Velocity Of Rentals: Why Higher Turnover Is Better Than Higher Vacancies

In a previous post I referred to a report on rental housing released by RBC’s economics department which claimed that enough new rentals need to be constructed (in Toronto, primarily) to increase vacancies so that rent “sustainably stabilize”. In my post I commented on the report, explaining that higher vacancies do not necessarily mean lower rents nor a halt or reduction in rent increases, since even in high vacancy environments landlords have strong incentives to keep increasing rents. And higher vacancies have negative effects for both renters and landlords: landlords lose revenue so they will cut costs such as maintenance and that impacts negatively on renters who may have more choice of vacant units but those units are receiving less maintenance, etc.

In my opinion, the RBC report should have focused on turnover instead of vacancies. Why? Because it’s on turnover that units become available to prospective renters and it’s on turnover that rents can be increased to market rents by landlords. In other words, even if vacancies are extremely low, if turnover is reasonably high then units will be available to lease, just as they would be if vacancies were high. High turnover is obviously good for prospective renters since it means units are regularly coming available to rent. It’s also good for landlords, since it means they can raise rents more often.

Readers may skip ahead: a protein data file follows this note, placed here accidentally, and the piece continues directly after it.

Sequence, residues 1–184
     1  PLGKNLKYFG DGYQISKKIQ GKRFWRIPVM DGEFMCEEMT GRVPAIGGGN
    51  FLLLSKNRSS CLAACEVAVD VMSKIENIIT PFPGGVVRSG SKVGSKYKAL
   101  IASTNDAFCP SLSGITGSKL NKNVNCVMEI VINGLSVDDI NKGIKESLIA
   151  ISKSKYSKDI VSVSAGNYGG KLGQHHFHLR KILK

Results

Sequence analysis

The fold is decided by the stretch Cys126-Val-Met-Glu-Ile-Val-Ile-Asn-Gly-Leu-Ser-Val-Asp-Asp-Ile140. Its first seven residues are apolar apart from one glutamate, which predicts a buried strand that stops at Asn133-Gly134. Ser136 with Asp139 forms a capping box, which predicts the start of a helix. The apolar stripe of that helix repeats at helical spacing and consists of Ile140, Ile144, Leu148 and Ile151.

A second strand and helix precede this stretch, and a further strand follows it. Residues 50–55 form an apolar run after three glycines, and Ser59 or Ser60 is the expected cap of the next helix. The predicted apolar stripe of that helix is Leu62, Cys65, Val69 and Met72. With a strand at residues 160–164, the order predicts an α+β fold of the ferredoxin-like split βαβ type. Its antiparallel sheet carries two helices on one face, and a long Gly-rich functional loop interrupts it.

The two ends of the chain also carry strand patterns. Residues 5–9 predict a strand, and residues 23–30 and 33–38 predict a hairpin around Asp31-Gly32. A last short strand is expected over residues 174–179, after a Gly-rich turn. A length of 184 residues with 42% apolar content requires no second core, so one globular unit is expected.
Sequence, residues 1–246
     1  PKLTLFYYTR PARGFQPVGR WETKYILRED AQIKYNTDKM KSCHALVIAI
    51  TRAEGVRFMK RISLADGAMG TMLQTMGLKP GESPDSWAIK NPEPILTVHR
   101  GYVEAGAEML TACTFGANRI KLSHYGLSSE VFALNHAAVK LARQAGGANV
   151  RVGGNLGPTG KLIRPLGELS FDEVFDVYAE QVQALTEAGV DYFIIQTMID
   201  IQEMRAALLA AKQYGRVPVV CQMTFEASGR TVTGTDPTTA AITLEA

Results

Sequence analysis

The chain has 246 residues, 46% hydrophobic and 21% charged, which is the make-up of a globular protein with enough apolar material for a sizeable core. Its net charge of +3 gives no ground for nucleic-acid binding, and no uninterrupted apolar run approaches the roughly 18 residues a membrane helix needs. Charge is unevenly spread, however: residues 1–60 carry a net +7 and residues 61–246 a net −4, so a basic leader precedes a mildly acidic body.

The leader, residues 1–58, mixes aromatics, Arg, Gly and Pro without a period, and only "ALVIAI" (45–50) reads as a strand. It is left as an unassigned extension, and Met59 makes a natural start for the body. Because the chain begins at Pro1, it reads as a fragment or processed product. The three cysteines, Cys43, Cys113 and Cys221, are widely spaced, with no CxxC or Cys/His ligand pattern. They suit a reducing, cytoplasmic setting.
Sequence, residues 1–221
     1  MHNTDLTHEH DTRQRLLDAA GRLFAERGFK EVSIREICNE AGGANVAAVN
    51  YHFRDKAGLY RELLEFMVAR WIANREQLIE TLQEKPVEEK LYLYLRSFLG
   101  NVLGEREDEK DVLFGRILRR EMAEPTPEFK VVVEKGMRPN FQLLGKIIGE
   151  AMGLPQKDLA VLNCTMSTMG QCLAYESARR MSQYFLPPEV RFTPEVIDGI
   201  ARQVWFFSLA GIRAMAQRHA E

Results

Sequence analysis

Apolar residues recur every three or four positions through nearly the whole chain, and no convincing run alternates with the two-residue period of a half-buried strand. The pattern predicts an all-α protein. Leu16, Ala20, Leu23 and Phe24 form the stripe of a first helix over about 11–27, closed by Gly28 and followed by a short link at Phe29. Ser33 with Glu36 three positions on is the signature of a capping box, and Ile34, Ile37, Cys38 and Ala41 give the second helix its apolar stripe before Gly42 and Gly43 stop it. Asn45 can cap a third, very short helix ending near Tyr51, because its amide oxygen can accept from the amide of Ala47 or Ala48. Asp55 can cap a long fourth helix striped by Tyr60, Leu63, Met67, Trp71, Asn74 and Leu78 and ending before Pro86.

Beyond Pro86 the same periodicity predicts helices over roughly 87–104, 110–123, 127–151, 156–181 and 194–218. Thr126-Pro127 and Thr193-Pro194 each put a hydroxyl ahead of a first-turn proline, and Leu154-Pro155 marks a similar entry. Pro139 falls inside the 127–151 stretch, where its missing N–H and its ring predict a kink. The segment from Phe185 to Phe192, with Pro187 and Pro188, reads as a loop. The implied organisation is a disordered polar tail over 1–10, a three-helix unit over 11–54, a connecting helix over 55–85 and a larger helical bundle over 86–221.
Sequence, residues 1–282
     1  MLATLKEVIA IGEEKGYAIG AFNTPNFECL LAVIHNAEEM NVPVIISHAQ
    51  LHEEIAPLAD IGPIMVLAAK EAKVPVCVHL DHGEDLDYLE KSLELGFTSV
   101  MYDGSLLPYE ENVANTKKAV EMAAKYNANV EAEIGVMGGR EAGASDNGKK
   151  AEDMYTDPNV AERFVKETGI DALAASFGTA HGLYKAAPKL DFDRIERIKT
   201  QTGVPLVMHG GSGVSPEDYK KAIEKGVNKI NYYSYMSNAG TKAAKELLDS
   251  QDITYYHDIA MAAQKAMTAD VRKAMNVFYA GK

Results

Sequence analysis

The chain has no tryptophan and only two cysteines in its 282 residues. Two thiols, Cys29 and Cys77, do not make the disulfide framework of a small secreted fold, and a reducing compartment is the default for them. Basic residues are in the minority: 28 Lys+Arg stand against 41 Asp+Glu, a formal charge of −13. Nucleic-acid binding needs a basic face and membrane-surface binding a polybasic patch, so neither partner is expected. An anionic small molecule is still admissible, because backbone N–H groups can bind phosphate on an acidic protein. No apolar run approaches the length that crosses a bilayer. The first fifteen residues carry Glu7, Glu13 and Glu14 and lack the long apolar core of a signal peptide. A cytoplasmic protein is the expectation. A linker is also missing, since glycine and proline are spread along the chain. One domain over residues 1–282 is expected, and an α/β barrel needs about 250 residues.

It’s a fact that we have a low vacancy environment in Ontario at the moment and it’s a safe prediction that that’s what we are going to have for the foreseeable future. Given this situation, when the RBC report calls for public policy measures to achieve higher vacancies, I can’t help but think we should be calling for higher turnover instead of higher vacancies.

Or, as an economist might say, we need a higher ‘velocity of rentals’.